But the last time I was really afraid?

I don’t really know. I honestly don’t scare very easily. Maybe it’s silly, but one of the times I remember being the most afraid was when I had been cast in a skit for church. It was a tiny, tiny part. All I had to do was talk on an I-phone and be snotty. It was a cute part. A funny part that made people laugh. It was short, and it was even something I wrote. But the idea of going out on stage in front of all those people absolutely petrified me. It scared me to the point of nausea.

The only other experience I can even compare it to is learning how to drive again after my wreck. Trying to remember how to handle a vehicle going 70 miles per hour on a road you can’t control. Even though it’s been years, if I get behind a truck or van that has a ladder strapped (or not strapped well enough) to it, I can’t get around it fast enough. Maybe that’s a rational reaction, but my getting around it is usually motivated more by fear than common sense.

This is what I thought about when I read the verse for today.

2 Timothy 1:7

7 For God has not given us a spirit of fear and timidity, but of power, love, and self-discipline.

Fear has nothing to do with God. At least, not this kind of fear. The kind of fear that this verse is talking about is the kind of fear I have experienced in many circumstances when I was afraid of what I couldn’t control. And that’s not of God.

When we become followers of Christ, God gives us power, whether it’s strength or patience or endurance or the ability to love people who don’t love us back. That’s what this verse says. He gives us all those things, but He does not give us a reason to be afraid.

So why do we still fear?

Well, we’re human. So I guess that’s the biggest reason why most of us still live small lives in terror of the unknown. And I guess there’s nothing wrong with that if we want to live that way. But is it really what God has called us to?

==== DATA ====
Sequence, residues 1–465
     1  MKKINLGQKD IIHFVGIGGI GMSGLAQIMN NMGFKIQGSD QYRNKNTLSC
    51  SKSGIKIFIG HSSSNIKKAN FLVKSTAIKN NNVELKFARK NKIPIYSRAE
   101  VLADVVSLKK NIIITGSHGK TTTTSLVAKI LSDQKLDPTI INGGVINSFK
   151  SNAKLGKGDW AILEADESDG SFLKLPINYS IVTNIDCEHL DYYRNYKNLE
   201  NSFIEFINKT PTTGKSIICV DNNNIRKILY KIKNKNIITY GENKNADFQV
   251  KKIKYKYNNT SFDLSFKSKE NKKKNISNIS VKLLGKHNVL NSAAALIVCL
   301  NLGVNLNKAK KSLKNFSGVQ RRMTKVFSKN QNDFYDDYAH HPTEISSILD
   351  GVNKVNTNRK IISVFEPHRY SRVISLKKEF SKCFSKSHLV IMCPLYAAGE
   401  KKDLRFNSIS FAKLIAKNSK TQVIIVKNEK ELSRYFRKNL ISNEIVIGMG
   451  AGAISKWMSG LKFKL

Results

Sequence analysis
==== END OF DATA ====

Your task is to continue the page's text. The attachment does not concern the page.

That’s the danger with fear. It paralyzes you. It keeps you from doing the things God has asked–sometimes even commanded–us to do.

I haven’t got it figured out yet, and I still struggle with this. But I can tell you that fear really used to control me in the two situations I mentioned above. The driving thing I have mostly gotten over. There are still times when I see something in the road or see a truck driving with too much stuff in it that I remember the sound of crunching metal and the feel of the world jarring to a halt or the burst of white with the airbags inflating. But most of the time, I’m good.

What definitely controlled me without question was my stagefright. And looking back now, I know it was a pride issue, because I wanted to control my performance and be absolutely perfect and never make mistakes and I always felt I could never be good enough. But I let that fear force me to turn down a lot of roles because I didn’t want to get up in front of people. I still don’t like getting up in front of people, but I made a decision after that first role with the I-phone. I decided that I was going to let go and stop worrying about what I looked like onstage and what I sounded like onstage or whether or not I delivered my lines with mechanical precision, and I was just going to do my best and let God take care of it. So the next role I ended up playing was quite a good deal larger than the second role, and it was a much more powerful script, and it was a pretty difficult part (I had to play a blind person). But the really funny thing was that even though I was nervous (I wanted to do a good job), I wasn’t scared. I wasn’t really afraid. And every time I started feeling afraid, I told myself to stop it, I asked God to help me not be afraid anymore, and then I went out and did what I was supposed to do. And I guess it went all right. I know God used it, and that was all I really cared about.

I think a lot of times we expect fear to go away just because we face it.

Well, that’s not always the case. Sometimes that fear will pop it’s ugly head back up and we’ll have to face it all over again. But that’s what real courage is — action in spite of fear. And that is the sort of power that God has given us because we have confidence that He will do what He has said He’ll do.

So the next time you’re afraid of something irrational (not something you really should be afraid of, mind you; fear of some things can be healthy), try to look at it from God’s perspective and see how small it really is. Then make your decision on whether to act or not.

What are you afraid of? And how is that stopping you from doing what God has called you to do? If God is big enough to create the universe, to create everything we can see and everything we can’t see, don’t you think He’s big enough to help you when you need Him? It’s something I forget all the time, but I know, for me, it’s time that I remembered. How about you?